The objective of this section of the Implementation Module is to highlight one of the At Home/Chez Soi project teams that demonstrated a very high level of fidelity to the Housing First model, while effectively adapting the program to their local context.

The Vancouver RainCity Assertive Community Treatment (ACT) team was able to maintain high fidelity to the program model, even under its unique circumstances, where a non-governmental organization (NGO) was the agency providing community-based services and a housing support program. The highlights in this section of the module were informed by interviews conducted with three key informants that were engaged in implementation of the Vancouver RainCity ACT team’s program.

About Vancouver Raincity

As part of the At Home/Chez Soi project, RainCity Housing and Support Society was chosen to pilot a Housing First Assertive Community Treatment (ACT) team in Vancouver

Implementation highlights from the Vancouver RainCity ACT team

First of all, key informants from Vancouver RainCity’s ACT team were asked, “To what do you attribute the high fidelity to the Housing First model your team was able to achieve? What makes RainCity ACT such a strong team?” Based on three interviews, key informants attributed the high fidelity the team was able to achieve to: team leadership; teamwork; commitment to the Housing First model; a strong sense of social justice; effective technical assistance; and a flexible organizational/bureaucratic structure.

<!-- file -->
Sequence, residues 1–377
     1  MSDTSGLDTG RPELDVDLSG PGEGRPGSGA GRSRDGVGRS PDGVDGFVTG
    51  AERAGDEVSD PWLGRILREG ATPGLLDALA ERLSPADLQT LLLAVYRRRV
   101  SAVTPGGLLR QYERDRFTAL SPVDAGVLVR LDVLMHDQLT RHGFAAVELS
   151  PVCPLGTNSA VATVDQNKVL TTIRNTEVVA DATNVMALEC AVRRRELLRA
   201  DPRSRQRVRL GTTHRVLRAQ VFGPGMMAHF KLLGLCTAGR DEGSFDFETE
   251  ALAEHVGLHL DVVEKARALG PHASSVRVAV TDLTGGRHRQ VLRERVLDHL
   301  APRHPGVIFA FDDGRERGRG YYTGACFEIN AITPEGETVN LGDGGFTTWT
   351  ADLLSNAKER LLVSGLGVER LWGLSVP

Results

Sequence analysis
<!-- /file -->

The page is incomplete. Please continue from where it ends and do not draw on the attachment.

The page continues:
Team leadership, teamwork, commitment to the Housing First model, and a strong sense of social justice were some of the key themes that emerged from the interviews. Informants expressed tremendous praise for the team leader of the RainCity ACT team. They emphasized his dedication to and curiosity with the Housing First model, which compelled him to read and learn a lot about the Pathways Housing First model. Furthermore, it seemed that his personal values were a fit with the Housing First model, so he was able to lead the team and support it from a strong knowledge base and with a deep commitment to implementing Housing First according to the principles — he truly believed it was possible and so did his team. Furthermore, the team leader was flexible and calm in his approach — he embraced new ways of working with people in situations that could have created anxiety for many. The team leader understood the importance and value in hiring the “right” people — those that had worked with people with complex needs before, and believed strongly in Housing First principles, such as use of harm-reduction and recovery-orientation strategies. He was supported by a Human Resources structure that gave them the ability to hire staff teams who came with similar values and became champions of the Housing First model. He hired highly organized and skilled people that complemented each other’s roles and strengths and were keen to learn from one another; effective teamwork was fundamental to the team leader and team members. Peer support was an integral aspect of the implementation process for the RainCity ACT team, and the team leader and team members highly valued the peer specialist on the team. Furthermore, the team psychiatrists were hired early in the process, were committed to the fidelity scale, and were recognized as being highly committed to their non-traditional psychiatric role on the team in working with team members and program participants. Overall, the team was highly committed to the participants, willing to do what was needed to house, rehouse, and support participants. They were willing to be creative and committed to finding solutions to the best of their abilities. Their strong beliefs about social justice and their understanding of how systemic issues faced by clients called for team members to minimize their levels of control and coercion as much as possible, but instead, to allow people high levels of choice and opportunities to find their own path to recovery.